One of the first expressions I heard back in town described someone with “a face like ten miles of bad road.” After just a few weeks on the job, I had a deep appreciation of what this meant: it meant you wanted to punch his lights out. I was a little bit out of my league in that department, since boxing had faded in the schools I had attended around the time of Teddy Roosevelt. Instead, I began to long for the salty tongue of the Maine coast where the language was sometimes violent, but the culture was usually benign, rather than the other way around.

So after a year in the woods north of Greenville, I knew I was a goner. Sixty thousand dollars of a graduate school education down the two-holer out back. I had no job; no prospects; no plan. Hard realities to convey to earnest folks back at home who just wanted a story for their eldest son—any story, so long as it was a narrative they could tell themselves and their friends. To the extent that I had any thought at all about my future, I thought that after six years of post secondary schooling, I ought to be able to write some kind of story in the English language and be able to sell it somewhere.

Read more at The Working Waterfront
Linguists remind us that storytelling is as old as our ability to produce successive sounds to convey meaning — as if our hominid brains could remember a time when our ancestors first sat around a fire describing how they had gotten that mastodon to run into a cleverly disguised pit just prior to dinner.  Actually I am making this up; I don’t know anything about the history of linguists, medications
but that’s not the point of this story.

Most of us spent whatever time we had in school learning how “write, approved
” not learning how to tell a story. I know I never had any teacher or professor teach me how to write a story. I was taught how to write a research paper, information pills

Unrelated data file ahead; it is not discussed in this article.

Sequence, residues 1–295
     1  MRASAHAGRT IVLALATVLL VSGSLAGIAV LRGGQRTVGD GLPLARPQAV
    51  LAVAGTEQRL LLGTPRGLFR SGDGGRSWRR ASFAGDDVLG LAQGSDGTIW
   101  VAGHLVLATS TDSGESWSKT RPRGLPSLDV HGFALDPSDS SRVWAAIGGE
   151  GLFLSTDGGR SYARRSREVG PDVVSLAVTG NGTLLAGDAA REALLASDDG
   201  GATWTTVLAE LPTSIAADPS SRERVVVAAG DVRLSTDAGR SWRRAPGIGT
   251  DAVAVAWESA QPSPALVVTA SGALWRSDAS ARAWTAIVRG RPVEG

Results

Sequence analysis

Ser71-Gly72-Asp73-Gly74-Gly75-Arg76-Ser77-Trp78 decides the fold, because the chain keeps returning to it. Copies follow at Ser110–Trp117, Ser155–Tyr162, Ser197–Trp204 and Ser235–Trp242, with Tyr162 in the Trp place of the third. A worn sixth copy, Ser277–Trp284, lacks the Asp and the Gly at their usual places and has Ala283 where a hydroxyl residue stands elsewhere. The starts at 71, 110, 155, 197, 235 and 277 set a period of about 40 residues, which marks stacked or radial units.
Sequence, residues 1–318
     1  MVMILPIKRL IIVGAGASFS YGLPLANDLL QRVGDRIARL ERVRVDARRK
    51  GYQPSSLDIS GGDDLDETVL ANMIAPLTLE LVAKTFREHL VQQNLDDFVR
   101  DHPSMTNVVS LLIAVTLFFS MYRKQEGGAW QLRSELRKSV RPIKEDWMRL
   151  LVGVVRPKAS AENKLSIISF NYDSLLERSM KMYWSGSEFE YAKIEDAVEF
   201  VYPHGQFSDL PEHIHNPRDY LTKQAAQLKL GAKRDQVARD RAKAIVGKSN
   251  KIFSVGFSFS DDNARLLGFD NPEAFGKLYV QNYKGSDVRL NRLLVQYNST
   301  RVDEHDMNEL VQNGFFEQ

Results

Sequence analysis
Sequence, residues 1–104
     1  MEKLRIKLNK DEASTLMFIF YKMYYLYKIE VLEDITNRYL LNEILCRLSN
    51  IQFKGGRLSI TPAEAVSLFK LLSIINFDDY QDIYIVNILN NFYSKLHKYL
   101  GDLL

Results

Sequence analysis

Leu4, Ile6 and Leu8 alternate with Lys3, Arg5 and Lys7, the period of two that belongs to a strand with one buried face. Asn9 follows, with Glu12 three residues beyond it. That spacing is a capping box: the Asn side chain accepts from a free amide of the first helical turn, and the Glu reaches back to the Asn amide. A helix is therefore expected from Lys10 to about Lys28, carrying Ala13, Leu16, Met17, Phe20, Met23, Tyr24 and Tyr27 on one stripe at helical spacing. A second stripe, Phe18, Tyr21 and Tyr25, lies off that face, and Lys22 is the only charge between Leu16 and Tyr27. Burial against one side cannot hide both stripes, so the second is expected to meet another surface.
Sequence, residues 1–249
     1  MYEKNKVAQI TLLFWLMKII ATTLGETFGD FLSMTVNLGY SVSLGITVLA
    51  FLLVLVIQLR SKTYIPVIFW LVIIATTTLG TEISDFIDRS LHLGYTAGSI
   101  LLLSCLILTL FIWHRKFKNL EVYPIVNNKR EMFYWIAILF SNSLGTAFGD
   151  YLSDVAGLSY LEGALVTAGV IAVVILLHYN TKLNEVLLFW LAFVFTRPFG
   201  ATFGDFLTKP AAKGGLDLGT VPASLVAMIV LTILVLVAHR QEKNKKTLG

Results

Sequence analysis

how to write an essay, how to construct paragraphs with lead-in theme sentences, and other useful bits and pieces. But not how to tell a story. I suppose if you are in a creative writing program or journalism school, you learn something about how to tell a good story, but not the rest of us.

As I reflect on the cultural DNA of the Island Institute, I am reminded of how important storytelling has always been to us. Highly improbably, we launched the organization three decades ago with a storytelling publication, Island Journal, which we risked almost two-thirds of the first year’s budget to produce. Kind of an all or nothing strategy that I would not recommend to any other start-up nonprofit.

When we started the organization, we recognized that island communities were different than mainland communities; that islanders were intimately familiar with the notion of cycles — seasonal, sidereal, and tidal; that islanders instinctively appreciated the interrelated nature of island life; and that isolation reinforces both creativity and idiosyncrasy. We also knew these were pretty abstract ideas that were difficult to describe  except through stories of real people whose lives allowed others to see important truths in their lives.